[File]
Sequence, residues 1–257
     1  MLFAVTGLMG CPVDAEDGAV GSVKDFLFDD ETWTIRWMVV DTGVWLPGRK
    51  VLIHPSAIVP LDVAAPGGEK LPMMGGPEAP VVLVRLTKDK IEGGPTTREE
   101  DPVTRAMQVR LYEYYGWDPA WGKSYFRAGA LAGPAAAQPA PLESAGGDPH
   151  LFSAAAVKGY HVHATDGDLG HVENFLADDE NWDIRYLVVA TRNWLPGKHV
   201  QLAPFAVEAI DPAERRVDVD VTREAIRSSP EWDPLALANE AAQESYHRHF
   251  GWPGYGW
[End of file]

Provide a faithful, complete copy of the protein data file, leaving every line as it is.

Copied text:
Sequence, residues 1–257
     1  MLFAVTGLMG CPVDAEDGAV GSVKDFLFDD ETWTIRWMVV DTGVWLPGRK
    51  VLIHPSAIVP LDVAAPGGEK LPMMGGPEAP VVLVRLTKDK IEGGPTTREE
   101  DPVTRAMQVR LYEYYGWDPA WGKSYFRAGA LAGPAAAQPA PLESAGGDPH
   151  LFSAAAVKGY HVHATDGDLG HVENFLADDE NWDIRYLVVA TRNWLPGKHV
   201  QLAPFAVEAI DPAERRVDVD VTREAIRSSP EWDPLALANE AAQESYHRHF
   251  GWPGYGW